Communities

Writing
Writing
Codidact Meta
Codidact Meta
The Great Outdoors
The Great Outdoors
Photography & Video
Photography & Video
Scientific Speculation
Scientific Speculation
Cooking
Cooking
Electrical Engineering
Electrical Engineering
Judaism
Judaism
Languages & Linguistics
Languages & Linguistics
Software Development
Software Development
Mathematics
Mathematics
Christianity
Christianity
Code Golf
Code Golf
Music
Music
Physics
Physics
Linux Systems
Linux Systems
Power Users
Power Users
Tabletop RPGs
Tabletop RPGs
Notifications
Mark all as read
Q&A

organizing a library

+3
−0

Suppose you have $n>1$ books lined up on a shelf, numbered $1$ to $n$, not in the correct order, and you wish to put them in order. Here's your method: Choose a misplaced book[1] at random, and put it in its correct spot. For example, if $n=5$ and you pick book number $2$ out of spot number $4$, there are now four books left, and you put the book back between the first two, since it's book number $2$.

What's the maximum number of times you might have to do the pick-and-replace before the books are in order?


[1] meaning, a book numbered $k$ which is not in position $k$

Why does this post require moderator attention?
You might want to add some details to your flag.
Why should this post be closed?

2 comment threads

What happens with the other books when you put a book in the right spot? Do you exchange the book wit... (4 comments)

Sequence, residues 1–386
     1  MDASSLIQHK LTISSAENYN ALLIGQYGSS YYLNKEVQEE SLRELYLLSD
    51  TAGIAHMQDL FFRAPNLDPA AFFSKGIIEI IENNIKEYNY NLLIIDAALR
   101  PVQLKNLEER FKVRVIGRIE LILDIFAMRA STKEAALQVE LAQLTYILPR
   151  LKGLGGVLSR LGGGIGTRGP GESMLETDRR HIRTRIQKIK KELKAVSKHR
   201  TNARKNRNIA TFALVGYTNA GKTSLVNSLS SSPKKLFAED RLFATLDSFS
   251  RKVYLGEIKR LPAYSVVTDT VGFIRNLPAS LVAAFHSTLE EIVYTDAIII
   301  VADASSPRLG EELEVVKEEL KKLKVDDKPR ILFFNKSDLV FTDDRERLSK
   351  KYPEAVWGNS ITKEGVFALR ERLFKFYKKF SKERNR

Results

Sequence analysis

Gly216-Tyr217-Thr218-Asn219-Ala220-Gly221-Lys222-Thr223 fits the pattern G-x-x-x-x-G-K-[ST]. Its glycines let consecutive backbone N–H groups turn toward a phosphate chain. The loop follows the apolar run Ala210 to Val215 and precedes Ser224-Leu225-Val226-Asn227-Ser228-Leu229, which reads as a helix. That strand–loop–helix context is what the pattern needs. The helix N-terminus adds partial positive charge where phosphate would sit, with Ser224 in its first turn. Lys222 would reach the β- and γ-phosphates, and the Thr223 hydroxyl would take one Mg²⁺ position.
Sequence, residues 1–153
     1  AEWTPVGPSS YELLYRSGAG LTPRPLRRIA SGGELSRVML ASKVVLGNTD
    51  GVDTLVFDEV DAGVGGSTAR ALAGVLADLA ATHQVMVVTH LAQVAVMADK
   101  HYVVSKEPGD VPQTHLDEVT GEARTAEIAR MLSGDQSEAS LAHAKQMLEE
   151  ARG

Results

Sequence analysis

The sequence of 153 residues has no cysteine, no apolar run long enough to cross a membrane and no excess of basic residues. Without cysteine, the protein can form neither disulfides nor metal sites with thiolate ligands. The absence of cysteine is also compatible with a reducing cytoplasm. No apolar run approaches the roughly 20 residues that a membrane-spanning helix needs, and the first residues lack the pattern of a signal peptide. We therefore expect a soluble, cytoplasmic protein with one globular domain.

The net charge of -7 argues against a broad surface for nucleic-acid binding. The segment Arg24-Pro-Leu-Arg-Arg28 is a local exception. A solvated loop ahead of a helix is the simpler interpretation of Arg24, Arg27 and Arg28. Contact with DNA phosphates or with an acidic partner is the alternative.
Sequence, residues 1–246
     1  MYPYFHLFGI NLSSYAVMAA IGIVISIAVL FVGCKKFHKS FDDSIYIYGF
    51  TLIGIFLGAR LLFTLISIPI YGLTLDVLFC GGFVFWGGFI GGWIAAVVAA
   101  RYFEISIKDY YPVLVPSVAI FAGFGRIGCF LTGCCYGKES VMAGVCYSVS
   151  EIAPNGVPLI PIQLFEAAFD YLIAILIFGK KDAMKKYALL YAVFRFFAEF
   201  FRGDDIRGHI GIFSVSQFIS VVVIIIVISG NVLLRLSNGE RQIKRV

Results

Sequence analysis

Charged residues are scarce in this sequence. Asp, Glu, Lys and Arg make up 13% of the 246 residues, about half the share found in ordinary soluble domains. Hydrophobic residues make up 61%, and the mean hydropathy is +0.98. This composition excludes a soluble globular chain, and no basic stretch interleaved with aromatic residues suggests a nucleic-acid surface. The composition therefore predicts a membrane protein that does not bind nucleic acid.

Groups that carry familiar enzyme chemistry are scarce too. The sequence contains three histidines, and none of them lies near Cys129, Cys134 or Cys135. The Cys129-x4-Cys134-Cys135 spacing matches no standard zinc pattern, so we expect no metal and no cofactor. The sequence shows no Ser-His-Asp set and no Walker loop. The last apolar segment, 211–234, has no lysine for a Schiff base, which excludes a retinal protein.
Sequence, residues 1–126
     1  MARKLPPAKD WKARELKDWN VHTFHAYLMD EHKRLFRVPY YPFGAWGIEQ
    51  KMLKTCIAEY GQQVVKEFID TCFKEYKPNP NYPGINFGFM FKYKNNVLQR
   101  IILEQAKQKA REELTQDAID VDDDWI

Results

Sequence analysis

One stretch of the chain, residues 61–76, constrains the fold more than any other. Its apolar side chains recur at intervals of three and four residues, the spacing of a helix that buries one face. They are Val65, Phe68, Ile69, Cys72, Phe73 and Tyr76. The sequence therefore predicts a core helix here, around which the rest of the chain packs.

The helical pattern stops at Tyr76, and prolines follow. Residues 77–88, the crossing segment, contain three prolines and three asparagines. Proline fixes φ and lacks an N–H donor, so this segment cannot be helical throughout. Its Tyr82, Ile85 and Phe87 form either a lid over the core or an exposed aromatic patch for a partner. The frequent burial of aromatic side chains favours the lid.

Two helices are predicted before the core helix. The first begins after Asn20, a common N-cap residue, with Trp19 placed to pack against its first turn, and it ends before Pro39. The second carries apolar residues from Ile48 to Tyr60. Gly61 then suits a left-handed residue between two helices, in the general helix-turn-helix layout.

what I know so far (2 comments)

1 answer

+2
−0

$2^{n-1}-1$ is a lower bound on the maximum, at least. For $n$ books, if you start with the ordering $n, 1, 2, \ldots, n - 1$ (I'm following your convention of 1-indexing the books), then the books could be reordered via the sequence $S_n$ defined as follows: $$ \begin{align} S_1 &= () \\ S_{n + 1} &= ([S_{n} + 1], 1, [S_{n} + 1]) \end{align} $$

(Here $[S_n + 1]$ means to include the sequence $S_n$, adding 1 to each element.)

I'll walk through $n = 4$, where $S_4 = (3, 2, 3, 1, 3, 2, 3)$:

4 1 2 3 (choose 3)
4 1 3 2 (choose 2)
4 2 1 3 (choose 3)
4 2 3 1 (choose 1)
1 4 2 3 (choose 3)
1 4 3 2 (choose 2)
1 2 4 3 (choose 3)
1 2 3 4

It should be clear that the length of $S_n$ is $2^{n-1} - 1$. Slightly less clear is why this strategy is always valid, though an inductive argument should be within reach.

I don't know if this is the worst case, though.

Why does this post require moderator attention?
You might want to add some details to your flag.

0 comment threads

Sign up to answer this question »

This community is part of the Codidact network. We have other communities too — take a look!

You can also join us in chat!

Want to advertise this community? Use our templates!

Like what we're doing? Support us! Donate